“The hostilities began on Sunday morning, when Israel said it killed an Islamic Jihad member along its border fence with the Gaza Strip.

Israel’s military said the the [sic] man was attempting to plant an explosive device.

A video shared widely on social media showed an Israeli bulldozer scooping up the body of the man, provoking anger among Palestinians.

Some Palestinians called for retaliation and hours later, rockets were fired from the Gaza Strip, setting off air raid sirens.”

The IDF released filmed evidence of the two PIJ terrorists planting the IED at the border fence but the BBC nevertheless chose to portray that event as something that ‘Israel says’ took place. While the BBC did tell readers of “a video” showing “an Israeli bulldozer”, they were not informed of the related fact that two Israeli civilians and the remains of two Israeli soldiers are being held by Hamas in the Gaza Strip. Neither were audiences informed that the mourning tent set up for the person the BBC chose to describe as “the man” included a photograph of him in military uniform carrying a weapon.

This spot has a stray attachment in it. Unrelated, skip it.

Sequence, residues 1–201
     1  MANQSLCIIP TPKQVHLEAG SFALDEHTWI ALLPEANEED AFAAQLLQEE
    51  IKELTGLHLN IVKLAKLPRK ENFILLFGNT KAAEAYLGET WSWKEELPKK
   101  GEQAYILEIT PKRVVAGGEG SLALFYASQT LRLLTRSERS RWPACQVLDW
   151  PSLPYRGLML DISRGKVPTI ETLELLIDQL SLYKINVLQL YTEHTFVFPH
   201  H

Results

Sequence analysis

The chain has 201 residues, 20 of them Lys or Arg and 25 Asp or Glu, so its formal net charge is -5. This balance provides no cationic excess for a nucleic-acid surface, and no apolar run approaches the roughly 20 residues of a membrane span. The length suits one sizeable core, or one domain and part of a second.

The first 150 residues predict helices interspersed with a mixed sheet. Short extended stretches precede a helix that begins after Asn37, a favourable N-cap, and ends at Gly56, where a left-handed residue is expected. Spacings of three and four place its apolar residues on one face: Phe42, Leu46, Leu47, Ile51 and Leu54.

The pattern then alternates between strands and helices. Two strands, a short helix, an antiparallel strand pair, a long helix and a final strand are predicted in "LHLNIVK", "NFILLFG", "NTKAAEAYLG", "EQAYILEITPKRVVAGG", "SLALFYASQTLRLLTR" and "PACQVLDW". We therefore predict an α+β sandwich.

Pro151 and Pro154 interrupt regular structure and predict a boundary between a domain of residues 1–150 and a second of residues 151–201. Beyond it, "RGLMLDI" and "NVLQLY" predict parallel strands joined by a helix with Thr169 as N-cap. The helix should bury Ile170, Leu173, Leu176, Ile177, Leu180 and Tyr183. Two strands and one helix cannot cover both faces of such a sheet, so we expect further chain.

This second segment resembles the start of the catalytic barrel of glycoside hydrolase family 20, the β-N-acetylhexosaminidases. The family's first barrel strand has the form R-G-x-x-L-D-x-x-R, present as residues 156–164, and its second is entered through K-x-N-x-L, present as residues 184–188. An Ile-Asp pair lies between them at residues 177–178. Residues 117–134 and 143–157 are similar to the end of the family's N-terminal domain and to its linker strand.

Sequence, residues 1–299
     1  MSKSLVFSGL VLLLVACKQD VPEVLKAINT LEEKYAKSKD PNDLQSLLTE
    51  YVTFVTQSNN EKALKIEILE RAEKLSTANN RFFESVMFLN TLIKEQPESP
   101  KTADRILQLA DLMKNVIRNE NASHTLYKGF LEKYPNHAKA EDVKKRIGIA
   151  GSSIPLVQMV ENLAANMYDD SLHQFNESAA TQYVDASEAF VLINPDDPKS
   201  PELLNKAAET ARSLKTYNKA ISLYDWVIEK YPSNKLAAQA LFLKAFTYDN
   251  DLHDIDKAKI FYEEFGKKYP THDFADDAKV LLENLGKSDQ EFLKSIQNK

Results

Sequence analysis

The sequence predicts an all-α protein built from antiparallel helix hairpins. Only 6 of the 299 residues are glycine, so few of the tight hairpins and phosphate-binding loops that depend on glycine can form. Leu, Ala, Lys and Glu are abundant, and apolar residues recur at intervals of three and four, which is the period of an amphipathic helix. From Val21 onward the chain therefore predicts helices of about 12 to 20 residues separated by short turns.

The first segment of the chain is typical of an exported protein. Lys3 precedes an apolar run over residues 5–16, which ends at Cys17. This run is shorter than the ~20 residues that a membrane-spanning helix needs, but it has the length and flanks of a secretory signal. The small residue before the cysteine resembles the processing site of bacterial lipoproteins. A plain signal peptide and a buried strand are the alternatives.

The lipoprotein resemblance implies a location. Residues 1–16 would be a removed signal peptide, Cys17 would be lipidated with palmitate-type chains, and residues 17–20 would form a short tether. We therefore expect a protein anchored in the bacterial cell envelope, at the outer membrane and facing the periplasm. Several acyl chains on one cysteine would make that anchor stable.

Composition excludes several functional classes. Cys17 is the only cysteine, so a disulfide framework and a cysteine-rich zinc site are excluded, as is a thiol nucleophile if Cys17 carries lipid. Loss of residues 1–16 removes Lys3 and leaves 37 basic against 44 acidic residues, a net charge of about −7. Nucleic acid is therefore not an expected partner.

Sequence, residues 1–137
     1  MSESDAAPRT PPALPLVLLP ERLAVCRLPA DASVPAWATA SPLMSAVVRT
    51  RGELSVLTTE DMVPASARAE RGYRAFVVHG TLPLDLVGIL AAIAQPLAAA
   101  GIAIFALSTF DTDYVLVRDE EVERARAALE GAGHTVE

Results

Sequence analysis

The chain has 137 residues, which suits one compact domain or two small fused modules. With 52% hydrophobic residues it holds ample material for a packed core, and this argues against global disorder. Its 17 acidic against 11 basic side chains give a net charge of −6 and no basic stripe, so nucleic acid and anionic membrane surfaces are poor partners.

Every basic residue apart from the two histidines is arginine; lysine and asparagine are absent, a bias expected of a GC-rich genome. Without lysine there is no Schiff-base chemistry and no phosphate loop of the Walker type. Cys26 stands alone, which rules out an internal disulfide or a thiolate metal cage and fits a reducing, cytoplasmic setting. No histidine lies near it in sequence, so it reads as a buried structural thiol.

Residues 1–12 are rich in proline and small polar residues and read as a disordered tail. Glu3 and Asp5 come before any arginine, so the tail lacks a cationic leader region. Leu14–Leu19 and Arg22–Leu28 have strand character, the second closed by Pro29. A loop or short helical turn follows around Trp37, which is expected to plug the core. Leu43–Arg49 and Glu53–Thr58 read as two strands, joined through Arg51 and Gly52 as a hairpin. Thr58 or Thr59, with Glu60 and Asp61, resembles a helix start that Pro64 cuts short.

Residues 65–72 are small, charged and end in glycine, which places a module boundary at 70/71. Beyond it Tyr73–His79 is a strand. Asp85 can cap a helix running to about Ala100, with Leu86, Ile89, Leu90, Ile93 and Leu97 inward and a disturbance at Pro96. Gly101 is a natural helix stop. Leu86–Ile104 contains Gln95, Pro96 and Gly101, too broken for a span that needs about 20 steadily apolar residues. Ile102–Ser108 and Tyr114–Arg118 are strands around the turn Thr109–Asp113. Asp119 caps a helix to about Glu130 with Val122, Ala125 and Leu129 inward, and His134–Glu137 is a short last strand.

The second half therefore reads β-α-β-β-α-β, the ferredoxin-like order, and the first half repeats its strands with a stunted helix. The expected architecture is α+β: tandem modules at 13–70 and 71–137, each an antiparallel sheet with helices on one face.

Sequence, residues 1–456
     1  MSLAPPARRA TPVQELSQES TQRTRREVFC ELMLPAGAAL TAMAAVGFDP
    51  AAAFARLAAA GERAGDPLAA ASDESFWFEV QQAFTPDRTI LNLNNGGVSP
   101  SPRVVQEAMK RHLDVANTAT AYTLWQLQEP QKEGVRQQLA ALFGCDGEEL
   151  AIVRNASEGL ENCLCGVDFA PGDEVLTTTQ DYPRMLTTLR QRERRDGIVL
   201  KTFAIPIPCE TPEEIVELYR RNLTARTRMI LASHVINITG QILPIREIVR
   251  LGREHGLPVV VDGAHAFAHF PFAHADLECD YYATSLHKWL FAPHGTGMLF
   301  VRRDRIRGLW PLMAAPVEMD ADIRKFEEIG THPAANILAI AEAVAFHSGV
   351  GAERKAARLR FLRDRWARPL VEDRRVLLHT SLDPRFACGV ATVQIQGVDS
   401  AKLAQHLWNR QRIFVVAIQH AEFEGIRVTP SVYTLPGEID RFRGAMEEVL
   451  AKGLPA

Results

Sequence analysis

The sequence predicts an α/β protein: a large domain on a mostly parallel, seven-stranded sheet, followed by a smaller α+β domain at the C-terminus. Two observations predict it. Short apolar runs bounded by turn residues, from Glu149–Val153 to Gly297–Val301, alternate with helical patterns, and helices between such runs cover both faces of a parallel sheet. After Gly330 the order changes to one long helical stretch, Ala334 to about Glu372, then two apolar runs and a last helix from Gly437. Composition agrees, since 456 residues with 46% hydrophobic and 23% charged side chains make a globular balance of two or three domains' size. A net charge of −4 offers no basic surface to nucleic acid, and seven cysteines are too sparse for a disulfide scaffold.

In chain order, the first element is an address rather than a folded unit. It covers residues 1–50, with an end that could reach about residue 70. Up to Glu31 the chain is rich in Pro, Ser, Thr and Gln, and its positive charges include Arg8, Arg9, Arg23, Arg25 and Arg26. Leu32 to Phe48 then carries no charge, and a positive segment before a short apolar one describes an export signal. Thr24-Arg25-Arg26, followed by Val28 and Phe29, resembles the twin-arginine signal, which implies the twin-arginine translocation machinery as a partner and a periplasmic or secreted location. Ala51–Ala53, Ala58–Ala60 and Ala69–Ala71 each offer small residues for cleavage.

The BBC found it appropriate to remind audiences of previous incidents:

“Violence between Israel and Islamic Jihad flared up last November, when an Israeli air strike killed a senior commander of the militant group in Gaza.

Clashes between Israeli forces and Palestinians were seen earlier this month too, days after US President Donald Trump unveiled his peace plan.”

Audiences were not however informed of a much more recent incident in which Palestinian Islamic Jihad snipers opened fire at is Israeli forces.